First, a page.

What’s our motivation in giving to the Lord?  How do we determine what we put in the plate to support the proclamation of His promises here on earth?  Do we look at our bank balance and what’s in our wallet?  Do we add up all our bills and the money we need for entertainment and then whatever extra we have from our paycheck, that’s what we put in the plate?  How do we decide how much time to give?  Do we give ourselves to work, sports, leisure, and other activities first and then if there’s any time left over and we’re not too tired we might consider coming to worship and Bible Study?  Does God get our leftovers, or does He get our first fruits, our very selves?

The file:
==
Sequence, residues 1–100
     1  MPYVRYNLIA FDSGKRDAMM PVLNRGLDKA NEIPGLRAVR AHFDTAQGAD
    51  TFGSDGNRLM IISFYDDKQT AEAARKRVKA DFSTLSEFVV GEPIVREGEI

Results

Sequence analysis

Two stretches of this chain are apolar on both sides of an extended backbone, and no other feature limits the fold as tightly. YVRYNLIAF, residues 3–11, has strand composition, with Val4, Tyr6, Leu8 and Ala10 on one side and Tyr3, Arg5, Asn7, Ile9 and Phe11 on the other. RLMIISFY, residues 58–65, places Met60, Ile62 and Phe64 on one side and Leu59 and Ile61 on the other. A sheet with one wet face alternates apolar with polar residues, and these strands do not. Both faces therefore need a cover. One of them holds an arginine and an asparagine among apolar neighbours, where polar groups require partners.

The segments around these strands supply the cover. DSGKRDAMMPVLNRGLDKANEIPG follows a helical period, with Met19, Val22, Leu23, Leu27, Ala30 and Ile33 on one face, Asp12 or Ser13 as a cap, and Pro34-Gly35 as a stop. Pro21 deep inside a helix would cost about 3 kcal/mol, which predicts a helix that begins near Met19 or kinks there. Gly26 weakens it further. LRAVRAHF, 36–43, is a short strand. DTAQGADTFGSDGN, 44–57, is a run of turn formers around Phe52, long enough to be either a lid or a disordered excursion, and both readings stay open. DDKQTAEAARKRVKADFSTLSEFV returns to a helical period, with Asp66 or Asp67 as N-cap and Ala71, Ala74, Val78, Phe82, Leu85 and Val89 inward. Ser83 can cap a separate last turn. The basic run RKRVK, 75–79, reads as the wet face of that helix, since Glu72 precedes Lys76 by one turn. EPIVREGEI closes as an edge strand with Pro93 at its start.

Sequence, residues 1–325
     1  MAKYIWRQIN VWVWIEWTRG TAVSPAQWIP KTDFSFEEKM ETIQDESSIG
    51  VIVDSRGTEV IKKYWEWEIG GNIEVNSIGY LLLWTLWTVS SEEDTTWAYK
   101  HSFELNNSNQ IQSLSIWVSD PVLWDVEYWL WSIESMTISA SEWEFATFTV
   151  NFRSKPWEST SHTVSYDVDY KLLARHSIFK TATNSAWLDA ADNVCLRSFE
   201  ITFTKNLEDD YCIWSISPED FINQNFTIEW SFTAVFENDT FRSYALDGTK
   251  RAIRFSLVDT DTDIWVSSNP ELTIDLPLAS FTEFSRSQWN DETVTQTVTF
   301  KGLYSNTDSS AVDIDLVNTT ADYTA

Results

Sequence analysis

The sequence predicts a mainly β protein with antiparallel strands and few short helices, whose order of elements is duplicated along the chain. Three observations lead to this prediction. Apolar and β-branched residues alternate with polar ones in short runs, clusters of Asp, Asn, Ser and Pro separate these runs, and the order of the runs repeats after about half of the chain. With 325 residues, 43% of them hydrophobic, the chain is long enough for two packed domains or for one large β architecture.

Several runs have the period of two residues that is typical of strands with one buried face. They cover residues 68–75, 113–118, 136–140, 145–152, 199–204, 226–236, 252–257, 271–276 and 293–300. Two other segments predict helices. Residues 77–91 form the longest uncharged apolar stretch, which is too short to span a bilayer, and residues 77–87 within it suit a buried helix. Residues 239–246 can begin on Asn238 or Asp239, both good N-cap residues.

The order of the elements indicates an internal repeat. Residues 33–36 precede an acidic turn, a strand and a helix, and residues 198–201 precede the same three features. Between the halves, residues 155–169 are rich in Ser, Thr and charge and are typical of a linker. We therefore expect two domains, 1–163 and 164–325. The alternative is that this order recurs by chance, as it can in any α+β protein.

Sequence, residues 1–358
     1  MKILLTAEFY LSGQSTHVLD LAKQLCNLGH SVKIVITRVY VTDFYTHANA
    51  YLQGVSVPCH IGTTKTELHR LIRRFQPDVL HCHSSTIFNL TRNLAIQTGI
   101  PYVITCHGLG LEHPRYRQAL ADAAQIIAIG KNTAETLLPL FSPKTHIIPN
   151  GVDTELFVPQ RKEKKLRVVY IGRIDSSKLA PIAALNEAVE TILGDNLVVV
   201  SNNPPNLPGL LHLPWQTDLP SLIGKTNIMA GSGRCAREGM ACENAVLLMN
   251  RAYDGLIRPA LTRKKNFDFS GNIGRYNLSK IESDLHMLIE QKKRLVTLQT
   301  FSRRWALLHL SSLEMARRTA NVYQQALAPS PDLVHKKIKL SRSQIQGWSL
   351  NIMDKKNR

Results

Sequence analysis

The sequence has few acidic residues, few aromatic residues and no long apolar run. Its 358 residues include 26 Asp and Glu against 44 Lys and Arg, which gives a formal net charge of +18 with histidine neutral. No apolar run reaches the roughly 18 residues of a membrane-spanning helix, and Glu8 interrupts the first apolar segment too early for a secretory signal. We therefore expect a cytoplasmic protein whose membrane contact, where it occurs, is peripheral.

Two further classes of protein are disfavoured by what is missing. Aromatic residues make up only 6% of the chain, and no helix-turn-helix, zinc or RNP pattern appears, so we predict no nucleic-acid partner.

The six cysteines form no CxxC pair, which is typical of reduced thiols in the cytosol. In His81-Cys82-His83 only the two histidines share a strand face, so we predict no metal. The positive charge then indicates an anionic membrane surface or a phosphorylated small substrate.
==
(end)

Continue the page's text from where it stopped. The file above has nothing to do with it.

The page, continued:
The promises of God are worth everything, all that we have and more.  And with faith, that’s how we should respond to them.  God shouldn’t get our leftovers.  Think about that.  The very Creator of everything, your heavenly Father who’s given you life, you give Him your leftovers.  What’s that say about how you view Him; what you think about Him; what you believe about Him? 
God’s promises are worth our first fruits.  God’s promises are worth all that we have: our money, our time, and our very selves.  So with faith, that’s what we give.  We give these things because the promises of the Lord are worth that.  But we don’t give them to buy His promises.
    The widow of Zarephath and the widow at the temple didn’t give all they had to purchase God’s promises.  No, those promises came first; they were already spoken.  Their actions were faithful responses to what their heavenly Father promised.  And that’s what our giving to the Lord is.